OCOTILLO WELLS, Calif. (Border Report) — There’s not much to Ocotillo Wells but a gas station, a few mobile homes and a desert museum that is closed most of the time. The community is wedged between Highways 8 and 98 just as you drop from the mountains into the Imperial Valley desert, about 100 miles east of San Diego.

The surrounding area, especially toward the south, is a majestic landscape where temperatures climb well over 100 degrees on a daily basis during the summer.

In spite of the excessive heat and other dangers, this is where undocumented migrants have been crossing into the United States in record numbers this year.

Border Patrol Agent John Mendoza. (Salvador Rivera/Border Report)

And this has led to higher than normal rescues.

“Currently we’ve had 240 rescues compared to last year when we had 84, that’s an increase of 185 percent,” said Border Patrol Agent John Mendoza. “Don’t cross, it’s not worth putting your life in danger, not only your life but agents that are performing those rescues,” he said.

Not only are rescues up, but fatalities as well.

This year, 31 migrants died while attempting to cross into the United States through the El Centro Sector, which is 70 linear miles long parallel to the southern border.

Seven of the deaths have occurred in the All American Canal.

Mendoza says all the people rescued and the ones who died had one thing in common.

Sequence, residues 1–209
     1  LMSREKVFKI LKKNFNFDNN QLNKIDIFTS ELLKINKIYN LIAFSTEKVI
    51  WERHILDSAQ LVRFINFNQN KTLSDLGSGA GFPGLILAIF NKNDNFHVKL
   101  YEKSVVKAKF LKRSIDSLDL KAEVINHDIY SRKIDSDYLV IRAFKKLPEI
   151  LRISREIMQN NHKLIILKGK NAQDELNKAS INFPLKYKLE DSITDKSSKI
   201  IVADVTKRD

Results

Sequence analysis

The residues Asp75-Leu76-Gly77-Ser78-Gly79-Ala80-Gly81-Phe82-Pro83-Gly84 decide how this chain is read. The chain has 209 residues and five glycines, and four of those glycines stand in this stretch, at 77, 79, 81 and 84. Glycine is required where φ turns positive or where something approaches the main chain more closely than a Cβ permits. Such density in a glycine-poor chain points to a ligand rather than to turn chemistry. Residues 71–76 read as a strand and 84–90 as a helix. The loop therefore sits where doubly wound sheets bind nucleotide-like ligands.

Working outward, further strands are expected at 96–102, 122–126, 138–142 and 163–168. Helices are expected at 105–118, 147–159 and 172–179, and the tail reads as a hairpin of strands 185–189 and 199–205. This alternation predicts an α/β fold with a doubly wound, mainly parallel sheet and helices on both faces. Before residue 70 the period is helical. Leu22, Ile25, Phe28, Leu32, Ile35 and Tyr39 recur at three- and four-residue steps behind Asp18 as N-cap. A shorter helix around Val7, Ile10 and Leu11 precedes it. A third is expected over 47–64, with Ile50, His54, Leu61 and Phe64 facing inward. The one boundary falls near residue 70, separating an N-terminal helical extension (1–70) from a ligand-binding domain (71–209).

“Ill-prepared, lack of water, no proper attire like clothing or shoes, maybe they didn’t know they were going to be dealing with waterways, maybe they didn’t know how to swim,” he said

Migrant advocates blame Title 42, a public health mandate issued by the Trump Administration to keep people out of the country during the ongoing COVID-19 pandemic. It allows border agents to send migrants back to Mexico as soon as they are caught, often leading to repeated attempts to cross the border.

The Biden White House has yet to rescind this order.

These advocates also say smugglers are taking immigrants to more remote and isolated regions along the border such as Ocotillo Wells increasing the danger.

Mendoza also blames smugglers for the higher number of crossings and ultimately rescues and deaths.

“They don’t care about the migrants focusing on profits instead, they couldn’t care less about the people’s lives, the people they are putting across the border.”